Monthly Archives: September 2015

Bridgend Fountain

Location: Newmilns, Ayrshire, Scotland

The Irvine river which flows through this town is renowned for flooding its banks, and a severe epidemic of cholera in 1849 was attributed to the river. As numerous public wells around Newmilns were polluted to some degree, a decision was made in 1888 to create a gravitation water supply via a reservoir to be developed at Allanton Plains near Loudoun Hill.

A drinking fountain to supply drinking water to humans and horses was presented to the town by Provost Joseph Hood, the owner of a lace mill and a member of the town’s Total Abstinence Society. The fountain was erected in 1890 at the corner of Bridgend and Main Street.

The 18 ft. drinking fountain was number 27 manufactured by Walter Macfarlane & Co. in the Saracen Foundry, Glasgow. The design was well suited for Street Crossings, Squares, Market Places, etc., as it afforded drinking accommodation for a large number of horses and drivers, and effectively lit a wide space, with the least possible obstruction to other traffic.

The structure, seated on a circular plinth, provided a drinking trough for horses from which overflow water filled a small basin for dogs at ground level. The trough was a circular cast iron basin supported on legs in the form of horses’ hooves. The central fluted column offered a shield for inscription. Four projecting consoles suspended cups allowing humans to drink from the spouting water whilst horses drank from the large basin. Three glass lanterns were supported by elaborate scrollwork consoles. Fueled originally with paraffin, the lanterns were later replaced with a single gas lamp. The column was also used as a street directional sign.

A second drinking fountain specifically for human use was located near the tollbooth in Main Street. Without a clear photo it is impossible to categorically identify; however, it looks remarkably like casting #48 manufactured by Andrew Handyside in Derby, England.

Glossary

  • Console, a decorative bracket support element
  • Plinth, Flat base usually projecting, upon which a pedestal, wall or column rests.
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Hedgemead Park Fountain

Location: Bath, Somerset, England

Hedgemead Park, situated below Camden Crescent, was the scene of a landslide in the 1870s in which houses collapsed. The land remained derelict for many years until the city created a plan to transform it into a park. Designed by T.B. Silcock, it was engineered to prevent future landslides and formally opened in 1889.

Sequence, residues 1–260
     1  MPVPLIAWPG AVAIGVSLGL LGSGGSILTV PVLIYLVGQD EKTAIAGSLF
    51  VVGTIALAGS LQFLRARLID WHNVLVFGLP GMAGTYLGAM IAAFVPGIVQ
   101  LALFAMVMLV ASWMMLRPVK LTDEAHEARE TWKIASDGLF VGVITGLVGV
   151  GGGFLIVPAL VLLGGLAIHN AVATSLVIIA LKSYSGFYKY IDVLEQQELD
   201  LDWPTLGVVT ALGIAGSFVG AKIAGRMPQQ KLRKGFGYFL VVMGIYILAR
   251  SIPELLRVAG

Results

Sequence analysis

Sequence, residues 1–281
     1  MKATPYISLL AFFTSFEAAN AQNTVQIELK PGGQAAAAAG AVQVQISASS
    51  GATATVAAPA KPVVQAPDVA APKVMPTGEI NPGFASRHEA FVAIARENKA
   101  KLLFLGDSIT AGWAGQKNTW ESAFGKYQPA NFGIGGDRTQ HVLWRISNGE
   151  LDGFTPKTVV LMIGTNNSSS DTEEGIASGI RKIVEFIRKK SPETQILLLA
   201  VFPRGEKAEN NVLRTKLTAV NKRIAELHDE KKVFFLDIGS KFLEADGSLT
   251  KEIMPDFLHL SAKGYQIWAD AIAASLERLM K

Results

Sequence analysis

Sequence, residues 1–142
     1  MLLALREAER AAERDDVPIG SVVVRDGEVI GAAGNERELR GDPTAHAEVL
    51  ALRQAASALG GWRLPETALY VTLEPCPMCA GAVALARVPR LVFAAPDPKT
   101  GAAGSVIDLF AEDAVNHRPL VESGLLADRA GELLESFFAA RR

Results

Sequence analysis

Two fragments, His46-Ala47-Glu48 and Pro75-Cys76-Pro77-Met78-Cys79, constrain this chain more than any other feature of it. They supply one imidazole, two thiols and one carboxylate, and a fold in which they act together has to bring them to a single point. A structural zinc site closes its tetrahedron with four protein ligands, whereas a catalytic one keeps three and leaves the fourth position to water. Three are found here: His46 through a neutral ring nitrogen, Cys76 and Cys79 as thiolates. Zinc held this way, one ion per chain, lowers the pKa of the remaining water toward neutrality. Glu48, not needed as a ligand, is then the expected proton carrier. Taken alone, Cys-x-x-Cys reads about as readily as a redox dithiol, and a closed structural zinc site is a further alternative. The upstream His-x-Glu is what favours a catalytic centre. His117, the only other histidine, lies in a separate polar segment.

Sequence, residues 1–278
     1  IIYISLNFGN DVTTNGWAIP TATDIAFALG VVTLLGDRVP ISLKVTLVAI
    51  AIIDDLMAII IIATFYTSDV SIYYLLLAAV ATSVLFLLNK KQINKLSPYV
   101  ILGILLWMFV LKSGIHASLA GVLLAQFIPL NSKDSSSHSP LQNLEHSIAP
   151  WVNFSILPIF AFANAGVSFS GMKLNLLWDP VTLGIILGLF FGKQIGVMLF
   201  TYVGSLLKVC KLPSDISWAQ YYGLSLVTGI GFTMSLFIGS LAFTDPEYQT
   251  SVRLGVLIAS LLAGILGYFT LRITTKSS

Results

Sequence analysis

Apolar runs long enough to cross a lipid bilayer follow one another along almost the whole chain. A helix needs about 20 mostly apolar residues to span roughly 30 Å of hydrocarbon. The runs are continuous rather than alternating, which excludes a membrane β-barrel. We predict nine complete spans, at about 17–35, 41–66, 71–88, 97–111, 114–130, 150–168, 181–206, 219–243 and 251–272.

A drinking fountain was erected around the same time possibly 1890. Seated on a triple tiered octagonal plinth it was manufactured at Walter Macfarlane’s Saracen Foundry in Glasgow. The drinking fountain, 10’ 10” high, is a customized structure created with font number 18; a wide base with canted corners on which is set a circular shaft ornamented with water lilies. Four lion jambs support four highly decorated quatrefoil basins. The stanchion and central column are decorated with projecting acanthus leaves and relief of willow leaves and berries. Column number 32 with four consoles protruding from the column originally suspended drinking cups on chains. The capital supports an octagonal ogee pedestal surmounted by an eagle with outstretched wings.

Symbolism was popular in Victorian times. Lions were symbolic of guardianship, and eagles represented salvation.

The drinking fountain, although no longer functioning, was recorded as a Grade II historic building on 15 October 2010.

Glossary

  • Acanthus, one of the most common plant forms (deeply cut leaves) to make foliage ornament and decoration
  • Canted corner, an angled surface which cuts of a corner
  • Capital, the top of a column that supports the load bearing down on it
  • Console, a decorative bracket support element
  • Jamb, a projecting vertical post containing sculpture
  • Ogee, curve with a concave
  • Pedestal, an architectural support for a column or statue
  • Plinth, flat base usually projecting, upon which a pedestal, wall or column rests
  • Quatrefoil, a type of decorative framework consisting of a symmetrical shape which forms the overall outline of four partially-overlapping circles of the same diameter
  • Stanchion, an upright bar or post providing support